Language of Art Production—A Series of Workshops on Site-specific Vocabulary
Searches in libraries or archives usually begin with a term entered in a search field. We thus search for a topic in a targeted manner or narrow this search. The result depends not only on the accuracy of the terms entered, but also on the keywords that are linked with objects. The collections of the Sitterwerk Foundation can be searched in the online catalogue using keywords, but also offer the possibility to search in the shelves and/or drawers. The two sorts of searches lead us to different discoveries. What do we learn from searching in the shelves with respect to conducting research in the catalogue and vice versa? With which search terms do we find which contents? What does this vocabulary depict, and what does it not depict? What categories is it based on? Can we come up with new categories and keywords that are characteristic for the site and its collections?
The series of workshops “Kunst Produktion Sprache” (Language of Art Production) wants to think about a site-specific vocabulary for the Art Library and the Material Archive, amend it, and thus supplement the standard keyword abstracting in the Sitterwerk catalogue. The prevailing structures will be interrogated and a vocabulary that is supposed to flow into the catalogue will be compiled in cooperation with users and invited guests. This vocabulary should be based on the holdings of the collections of materials and books and on the production processes of the Kunstgiesserei St.Gallen, emphasize the specificities of the Sitterwerk and its collections, and create new points of access. We will also examine the function of the catalogue as a research tool that underlies the structures of order and hierarchies.
The workshops are open to the public, with a limited number of participants. They will be, depending on the situation, be conducted onsite or online. You can find up-to-date information on our website.
Participation only on registration with Barbara Biedermann (email@example.com).
March 31, 2–5 p.m.
“Site-specific Vocabulary: Crafting and Production Processes”
Introduction and moderation: Jasna Zwimpfer, in cooperation with Hanna Baro, Michael Günzburger, Julia Lütolf, Franca Mader, Lothar Schmitt, Mara Züst and Kunstgiesserei St. Gallen.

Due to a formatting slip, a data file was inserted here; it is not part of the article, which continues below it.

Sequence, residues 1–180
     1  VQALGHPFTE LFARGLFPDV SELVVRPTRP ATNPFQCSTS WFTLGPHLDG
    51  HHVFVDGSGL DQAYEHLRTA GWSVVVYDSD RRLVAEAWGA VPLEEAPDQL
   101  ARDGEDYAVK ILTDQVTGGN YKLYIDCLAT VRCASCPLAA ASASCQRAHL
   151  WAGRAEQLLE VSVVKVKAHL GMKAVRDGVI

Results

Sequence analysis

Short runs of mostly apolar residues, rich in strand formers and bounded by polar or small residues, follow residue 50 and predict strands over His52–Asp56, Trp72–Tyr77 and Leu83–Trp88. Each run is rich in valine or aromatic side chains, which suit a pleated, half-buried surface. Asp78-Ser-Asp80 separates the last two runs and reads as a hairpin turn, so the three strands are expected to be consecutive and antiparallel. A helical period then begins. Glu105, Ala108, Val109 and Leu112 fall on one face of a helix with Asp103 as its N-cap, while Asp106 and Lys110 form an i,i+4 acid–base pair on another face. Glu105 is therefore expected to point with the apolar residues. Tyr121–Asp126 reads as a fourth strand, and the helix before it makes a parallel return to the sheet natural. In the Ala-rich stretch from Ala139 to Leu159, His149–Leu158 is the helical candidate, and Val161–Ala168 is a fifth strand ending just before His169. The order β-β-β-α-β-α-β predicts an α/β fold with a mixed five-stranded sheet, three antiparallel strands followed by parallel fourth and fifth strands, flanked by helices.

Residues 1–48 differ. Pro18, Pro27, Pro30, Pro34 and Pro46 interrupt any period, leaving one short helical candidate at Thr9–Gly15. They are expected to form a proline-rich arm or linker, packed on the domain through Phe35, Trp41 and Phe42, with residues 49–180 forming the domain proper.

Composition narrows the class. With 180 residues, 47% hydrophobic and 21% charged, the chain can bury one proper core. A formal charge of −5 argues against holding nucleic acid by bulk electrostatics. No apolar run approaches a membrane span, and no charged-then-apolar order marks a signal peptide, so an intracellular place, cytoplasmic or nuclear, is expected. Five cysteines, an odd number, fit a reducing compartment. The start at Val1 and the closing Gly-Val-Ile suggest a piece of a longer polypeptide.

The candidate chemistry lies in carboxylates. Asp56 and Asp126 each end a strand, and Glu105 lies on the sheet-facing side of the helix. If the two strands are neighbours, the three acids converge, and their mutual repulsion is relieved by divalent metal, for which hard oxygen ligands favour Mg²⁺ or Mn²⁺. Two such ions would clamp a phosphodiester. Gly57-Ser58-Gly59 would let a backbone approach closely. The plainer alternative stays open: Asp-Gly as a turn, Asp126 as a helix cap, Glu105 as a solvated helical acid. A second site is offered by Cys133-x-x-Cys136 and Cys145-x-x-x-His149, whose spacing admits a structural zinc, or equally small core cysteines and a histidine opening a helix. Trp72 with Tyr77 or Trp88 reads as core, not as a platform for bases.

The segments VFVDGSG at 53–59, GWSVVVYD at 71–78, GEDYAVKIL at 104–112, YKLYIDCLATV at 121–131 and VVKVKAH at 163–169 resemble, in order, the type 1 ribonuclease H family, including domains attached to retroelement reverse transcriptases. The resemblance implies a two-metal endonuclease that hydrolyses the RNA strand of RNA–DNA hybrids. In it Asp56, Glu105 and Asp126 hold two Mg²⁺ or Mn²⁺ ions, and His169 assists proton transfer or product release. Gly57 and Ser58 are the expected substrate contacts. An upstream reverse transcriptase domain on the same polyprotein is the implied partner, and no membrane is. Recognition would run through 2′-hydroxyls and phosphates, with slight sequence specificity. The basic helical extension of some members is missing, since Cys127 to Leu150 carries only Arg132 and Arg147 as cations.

The workshop deals with questions regarding what we want to know about specific production and crafting processes. How do we describe particular processes, and what is found in connection with this in the Art Library and the Material Archive? What does a material sample say about a production process? How can we establish a vocabulary that creates new, more direct points of access when using the library? How do we talk about production processes, and are we familiar with stories about production? How do we search, how do we proceed when conducting a search, and what do we expect from the search? Is there actually a specific process-related vocabulary?
The librarian and art historian Jasna Zwimpfer introduces us to the world of controlled vocabularies and provides an overview of what a useful thesaurus includes, what finished thesauruses are available to us, and how we can work with them. We will work on a site-specific vocabulary that focuses on production and crafting techniques.
April 29, 2–5 p.m.
“Site-specific Vocabulary: Books”
Introduction and moderation: Barbara Biedermann, in cooperation with Anne-Laure Franchette, Roland Früh, Franziska Koch & A Frei, Izet Sheshivari, Jan Steinbach and Gloria Wismer.
The books in the Art Library of the Sitterwerk are not only carriers of information; they are also interesting as objects of book design and the history of typography or graphic design. They also contain many notes, comments, and supplements by their previous owners, in particular Daniel Rohner. What do we discern when we do not search books for specific contents and information, but instead consider them as intentionally designed objects? Why does a book speak to us, and why do we take it from the shelves? What do we comprehend when browsing, reading, or looking at graphics? How can these criteria of book design be put into words and included in the catalogue, and where are there interfaces with a book’s contents? Might it thus be possible to imagine something like a vocabulary of book design, and how can we establish new categories for it?
Invited guests explore the library on the shelves and put together small compilations of books. Together, we will discuss possible categories for the existing holdings of books and ask what alternative categories are possible.
May 20, 2–5 p.m.
“Site-specific Vocabulary: The Catalogue”
Introduction and moderation Lucie Kolb, in cooperation with Philipp Messner, Axelle Stiefel, Eva Weinmayr, Jasna Zwimpfer.
Keywords in library catalogues are never neutral; they designate, classify, and index. An act of interpretation is thus always connected with them. They frame and determine how books and materials are found—and, to a certain extent, also how they are read or interpreted. What socially produced and embedded structures are found in the descriptive metadata of the Art Library? How can traces of the work on descriptors be made visible? How might it be possible to introduce keywords that focus less on demarcating a topic than on how it is possible to work with it, that do not describe what books are, but rather what they do, how we use them, and what they do to us?
The third workshop refers back to the vocabulary developed in workshops 1 and 2 and embeds it in a discourse on structures of order and hierarchies.